To make the back neckline, start in the lower right-hand corner, and follow the directions for the front neckline. Although the distance from the neckline over the shoulder to the tip of the sleeve is 22 inches, the same as for the kimono, this garment when finished seems to have longer sleeves because the woman's arms are shorter than the man's.

The cut of the garment under the armpit controls the width of the garment and its comfort. As the right angle moves up and closer to the body, the width of the sleeves and the width of the sides diminish. Conversely, as it moves down and away from the body, the widths of the two increase. If the caftan sleeves are cut too skimpily, the sides of the garment will pull up whenever the arms are raised and extended horizontally. There should be no problem with a sleeve that measures at least 14 inches in depth along a line perpendicular to the shoulder line. This line corresponds to the distance between the neck point and a point about 2 or 3 inches below the bottom of the bust in average women's sizes. It is easy to make the garment smaller without narrowing the sleeves by bringing the side seams closer to the body. If you have any doubts about the measurements you want, work out the proportions on graph paper before marking the fabric.
To make a caftan that has the pattern matched at the seams, match the pattern of the printed fabric (it will be repeated at regular intervals) when you fold the fabric before cutting it.
Use commercial bias binding to enclose the raw edges of the caftan and its neckline facing. With wrong sides together and the bias binding face down on top, stitch 1/4 inch from the edge.
After sewing the first side of the bias binding, fold the binding over the raw edges of fabric, turn the binding edge under and stitch along the fold.
Lay the back sections of the caftan right sides together, and stitch the center back seam; then sew the front seam in the same manner, leaving not only the neckline opening unstitched but also a few inches extra below it. Then, after you have bound the front of the neckline, you will be able to catch the raw edges of the binding in the center front seam and avoid having to square off this binding at the point where it finishes off the neckline. Join the front of the caftan to the back, right sides together, at the shoulder seams; then pin and sew the under-sleeve seams and the side seams, using the same two steps described for the kimono on the previous page. Join front and back facings at the shoulder seams, and finish the outside raw edge by double folding and machine stitching.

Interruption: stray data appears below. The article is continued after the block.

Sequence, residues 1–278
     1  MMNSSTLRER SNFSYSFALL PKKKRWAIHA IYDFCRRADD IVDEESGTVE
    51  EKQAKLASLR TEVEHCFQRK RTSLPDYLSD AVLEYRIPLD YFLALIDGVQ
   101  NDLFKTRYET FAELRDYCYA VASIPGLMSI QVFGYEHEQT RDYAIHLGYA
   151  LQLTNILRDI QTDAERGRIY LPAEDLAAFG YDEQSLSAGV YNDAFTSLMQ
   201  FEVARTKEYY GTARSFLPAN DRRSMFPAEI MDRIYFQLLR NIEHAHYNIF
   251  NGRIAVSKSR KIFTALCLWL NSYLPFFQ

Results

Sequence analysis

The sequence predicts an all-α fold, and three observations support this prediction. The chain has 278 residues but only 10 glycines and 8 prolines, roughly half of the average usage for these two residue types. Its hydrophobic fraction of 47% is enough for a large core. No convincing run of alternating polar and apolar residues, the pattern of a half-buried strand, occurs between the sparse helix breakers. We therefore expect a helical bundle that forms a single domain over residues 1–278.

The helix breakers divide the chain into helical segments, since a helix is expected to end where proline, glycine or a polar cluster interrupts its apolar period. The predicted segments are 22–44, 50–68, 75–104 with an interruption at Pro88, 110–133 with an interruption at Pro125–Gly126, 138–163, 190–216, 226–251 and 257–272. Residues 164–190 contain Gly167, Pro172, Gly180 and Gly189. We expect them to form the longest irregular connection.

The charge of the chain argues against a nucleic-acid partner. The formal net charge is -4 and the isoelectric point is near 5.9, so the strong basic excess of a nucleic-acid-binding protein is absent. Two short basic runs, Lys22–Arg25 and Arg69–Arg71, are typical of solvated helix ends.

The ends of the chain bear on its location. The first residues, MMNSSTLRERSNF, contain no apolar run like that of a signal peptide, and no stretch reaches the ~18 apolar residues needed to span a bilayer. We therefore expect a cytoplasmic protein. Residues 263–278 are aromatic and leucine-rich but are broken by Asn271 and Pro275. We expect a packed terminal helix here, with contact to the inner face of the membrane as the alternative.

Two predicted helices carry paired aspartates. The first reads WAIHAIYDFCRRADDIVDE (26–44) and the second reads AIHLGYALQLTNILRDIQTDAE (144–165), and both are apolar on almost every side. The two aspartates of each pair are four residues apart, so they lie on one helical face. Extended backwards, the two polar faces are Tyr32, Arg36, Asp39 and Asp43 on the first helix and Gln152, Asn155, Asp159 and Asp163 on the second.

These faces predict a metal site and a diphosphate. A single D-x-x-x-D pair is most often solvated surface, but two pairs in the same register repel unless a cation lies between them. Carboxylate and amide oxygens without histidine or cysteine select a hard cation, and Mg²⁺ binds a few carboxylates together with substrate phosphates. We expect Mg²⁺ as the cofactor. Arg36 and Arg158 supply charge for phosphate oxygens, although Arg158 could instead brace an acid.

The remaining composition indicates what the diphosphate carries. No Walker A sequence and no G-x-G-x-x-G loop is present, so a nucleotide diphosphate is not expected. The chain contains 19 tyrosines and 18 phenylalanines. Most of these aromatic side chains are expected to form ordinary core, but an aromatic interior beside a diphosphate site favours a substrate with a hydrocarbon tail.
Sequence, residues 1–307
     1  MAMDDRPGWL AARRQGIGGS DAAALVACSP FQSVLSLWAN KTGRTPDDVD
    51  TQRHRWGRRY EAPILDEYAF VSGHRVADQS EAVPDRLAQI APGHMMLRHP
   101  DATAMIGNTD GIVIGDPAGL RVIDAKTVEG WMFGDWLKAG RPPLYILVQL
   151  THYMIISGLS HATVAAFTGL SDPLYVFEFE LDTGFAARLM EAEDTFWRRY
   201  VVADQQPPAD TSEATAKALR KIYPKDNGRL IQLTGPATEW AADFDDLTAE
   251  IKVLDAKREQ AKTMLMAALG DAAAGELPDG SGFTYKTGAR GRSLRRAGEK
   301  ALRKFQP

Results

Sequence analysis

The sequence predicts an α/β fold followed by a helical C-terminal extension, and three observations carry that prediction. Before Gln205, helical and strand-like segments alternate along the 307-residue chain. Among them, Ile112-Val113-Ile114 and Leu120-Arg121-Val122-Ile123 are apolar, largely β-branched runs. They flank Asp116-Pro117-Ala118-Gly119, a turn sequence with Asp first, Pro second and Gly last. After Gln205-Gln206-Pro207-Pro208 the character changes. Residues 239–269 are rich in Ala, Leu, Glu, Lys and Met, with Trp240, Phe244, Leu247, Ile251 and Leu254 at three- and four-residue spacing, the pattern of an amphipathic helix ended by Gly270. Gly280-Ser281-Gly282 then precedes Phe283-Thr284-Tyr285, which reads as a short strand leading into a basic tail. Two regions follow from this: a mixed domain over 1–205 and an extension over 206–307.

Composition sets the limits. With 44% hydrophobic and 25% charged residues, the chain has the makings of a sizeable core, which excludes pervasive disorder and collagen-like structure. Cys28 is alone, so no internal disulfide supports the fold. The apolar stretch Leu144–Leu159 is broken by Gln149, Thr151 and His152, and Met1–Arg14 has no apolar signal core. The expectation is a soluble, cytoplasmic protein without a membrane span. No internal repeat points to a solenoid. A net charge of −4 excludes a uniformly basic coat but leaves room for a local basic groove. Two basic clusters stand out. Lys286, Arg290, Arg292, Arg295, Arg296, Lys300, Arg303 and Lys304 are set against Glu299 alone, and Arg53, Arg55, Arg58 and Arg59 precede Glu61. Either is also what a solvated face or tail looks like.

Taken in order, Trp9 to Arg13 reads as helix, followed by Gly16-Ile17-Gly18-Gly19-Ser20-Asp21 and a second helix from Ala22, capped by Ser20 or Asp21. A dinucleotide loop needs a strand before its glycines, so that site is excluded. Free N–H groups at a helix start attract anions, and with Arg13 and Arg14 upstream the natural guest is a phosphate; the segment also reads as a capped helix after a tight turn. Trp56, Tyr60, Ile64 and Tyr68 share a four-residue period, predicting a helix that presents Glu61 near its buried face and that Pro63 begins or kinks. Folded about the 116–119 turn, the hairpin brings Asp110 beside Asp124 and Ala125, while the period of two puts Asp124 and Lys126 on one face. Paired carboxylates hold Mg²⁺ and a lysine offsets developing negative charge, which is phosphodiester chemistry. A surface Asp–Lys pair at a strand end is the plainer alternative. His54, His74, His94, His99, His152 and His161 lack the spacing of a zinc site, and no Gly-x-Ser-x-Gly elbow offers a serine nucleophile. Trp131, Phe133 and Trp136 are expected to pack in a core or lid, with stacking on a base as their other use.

Double-fold bias binding comes ready made with one fold slightly wider than the other. The wider portion goes on the inside of the garment. Baste the facing in place along the raw edge of the neckline, wrong sides facing. Sew around the front closing first. Then when you finish sewing the front seam up to the neckline, you can catch the raw ends of the front binding underneath. Turn the caftan right side out, fold the binding over the raw edges of the neckline, and topstitch the binding close to the edge to completely encase the raw seams. To keep the front opening closed, add ties.

To make these 15 inch long streamers from the binding material, keep the binding folded, and stitch along the open edge. Attach at the top front of the neckline. Bind the sleeves and finish the garment by turning up the hem. Notice that the caftan can be worn backwards, because there are no bust darts to interfere with the flow of the fabric.